Few have suffered the multiple tragedies of Job. How could God reach through the enormity of Job's self-pity? (Job thought God just didn't care.) In these three questions (Job 38:31, 32) God is in reality saying:

Job, you think I am not concerned about your suffering. Well, let Me ask you these questions. Can you loose the bands of Orion? No, you cannot. But My Divine power will—some day Orion will no longer exist. Job, can you bind the 250 stars of the Pleiades together in their symmetry of beauty and not have a single one drift off? Only I have this power and wisdom. Can you prevent the runaways—Arcturus and his sons—from colliding as they go dashing out of the Milky Way? No, only My Divine power and wisdom can.

Job, if I am caring for the details of the universe, do you doubt that I not only care for the details of your life but I have the ability to solve your problems? Trust that there is a good reason I am permitting these tragedies. Remember, Job, I work from the perspective of your eternal welfare.

What an awesome way God chose to tell Job that He was in full control of human affairs, including Job's life! When God finished His series of questions, Job exclaimed:

I know that thou canst do everything,
and that no thought can be withholden from thee.
Who is he that hideth counsel without knowledge?
Therefore have I uttered that I understood not;
things too wonderful for me, which I knew not...
I have heard of thee by the hearing of the ear:
but now mine eye seeth thee. Job 42:2-5

Job finally learned the meaning of his severe trial. He learned that its loving purpose was to give him a clearer understanding of God, that he might serve him more faithfully and with greater appreciation. He speaks of this clearer understanding as "seeing" the Lord, instead of merely having heard about him. Since he had gained such deep insights of God, Job's brief period of suffering was a most valuable experience.

Besides restoring Job's health, "the Lord blessed the latter end of Job more than his beginning" (Job 42:12-15).

Perhaps like Job in utter misery, you have cried out to God—even questioning his justice. Some write off the history of Job as Old Testament folklore. Whoever heard of God talking to a man! These are hand-me-down tales! However, the account of Job cannot be gainsaid. Whatever the method of communication used by God, the astonishing facts cannot be refuted. These scientific facts recorded in the book of Job concerning the Pleiades, Orion and Arcturus anticipated scientific discovery by nearly 3000 years. Scientists only discovered these startling facts in our 20th Century, yet they were recorded in the book of Job nearly 3000 years ago. What an awesome confirmation of the Bible! Who can doubt the Bible is the inspired word of God? Yes, the book of Job has a powerful, exclusive lesson for 20th Century man. Twentieth Century science proves God's Word, the Bible, is true. The Bible does contain the answer to why God permits evil.

Job 2:10 states: "In all of this Job sinned not with his lips." How does this harmonize with chapter 42 where Job accused God of being unjust? Where there are facts, there can be no doubts. But our relationship with God is by faith, not facts—"according to your faith be it unto you" (Matt. 9:29). Where there is faith, there is room for doubt. Through trials and adversities (1 Peter 1:7) the man of God must develop a mature faith, "a full assurance of faith" (Heb. 10:22). We watched the drama of Job's struggles to a mature faith. An immature faith has doubts. Job had doubts, but they were not sins because he didn't try to inflict his doubts upon others. While doubting he lacked trust but still had belief in God. So he took his doubts where a man of God must take his doubts—to his God. And God dramatically answered Job's doubts and developed in him a full assurance of faith.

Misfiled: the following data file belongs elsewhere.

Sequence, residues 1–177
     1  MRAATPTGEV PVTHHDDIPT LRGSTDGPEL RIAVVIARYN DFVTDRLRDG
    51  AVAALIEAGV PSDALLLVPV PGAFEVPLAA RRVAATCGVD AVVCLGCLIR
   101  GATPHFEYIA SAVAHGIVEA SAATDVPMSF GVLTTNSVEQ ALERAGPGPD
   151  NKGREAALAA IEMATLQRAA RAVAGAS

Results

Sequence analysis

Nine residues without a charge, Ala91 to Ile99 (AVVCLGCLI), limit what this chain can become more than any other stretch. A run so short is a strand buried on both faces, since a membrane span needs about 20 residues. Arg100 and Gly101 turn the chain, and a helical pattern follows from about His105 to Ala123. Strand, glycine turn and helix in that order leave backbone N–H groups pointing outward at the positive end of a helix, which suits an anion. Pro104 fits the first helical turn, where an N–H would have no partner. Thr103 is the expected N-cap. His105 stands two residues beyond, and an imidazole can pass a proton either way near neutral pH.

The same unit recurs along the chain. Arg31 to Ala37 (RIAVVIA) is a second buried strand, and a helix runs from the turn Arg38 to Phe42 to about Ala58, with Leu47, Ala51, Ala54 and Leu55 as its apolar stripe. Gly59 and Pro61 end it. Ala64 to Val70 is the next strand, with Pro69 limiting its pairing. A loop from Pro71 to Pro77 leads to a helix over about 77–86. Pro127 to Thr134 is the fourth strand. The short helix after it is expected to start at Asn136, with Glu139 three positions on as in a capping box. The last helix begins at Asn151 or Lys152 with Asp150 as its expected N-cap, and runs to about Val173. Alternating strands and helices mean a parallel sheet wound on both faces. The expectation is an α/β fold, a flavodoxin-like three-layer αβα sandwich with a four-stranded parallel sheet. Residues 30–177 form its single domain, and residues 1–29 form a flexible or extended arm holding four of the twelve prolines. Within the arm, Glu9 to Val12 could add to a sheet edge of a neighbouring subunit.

We will have doubts in our journey to maturity. At such times we must copy the example of Job, Jeremiah, David and John the Baptist, and take our doubts to the Lord in prayer. If our heart is sincere, God will answer our doubts. He will speak to us. And He speaks to 20th Century man through His Word, the Bible. In God's providence the book of Job was especially written for 20th Century man. Much of the scientific probing of chapters 38 through 41 can only be fully understood in the light of modern scientific discovery. God in his foreknowledge knew the cunning deceptions of human philosophy and sophistry would reach their zenith as a challenge to faith in the "last days" of the Christian Age (2 Tim. 3:16, 17). In arrogance, modern man dares challenge the very existence of God. As will be seen in the following chapter, this debate between modern man and God is a part of the many vital lessons humankind is learning during God's permission of evil.

How do we know there is a God? Where do we find the answer to—Why does God permit evil and suffering? In the book of Job God is telling us:

Just as I answered Job's questions and doubts, I can answer your questions and doubts. My answer is found in My Word, the Bible. How do you know the Bible is My inspired Word? Many of the startling scientific facts I caused to be recorded in the book of Job nearly 3000 years ago were only discovered in the 20th Century. This is My assurance to you that the Bible is inspired. Thus it provides a logical faith and hope-inspiring answer to modern man's question—Why does God permit evil?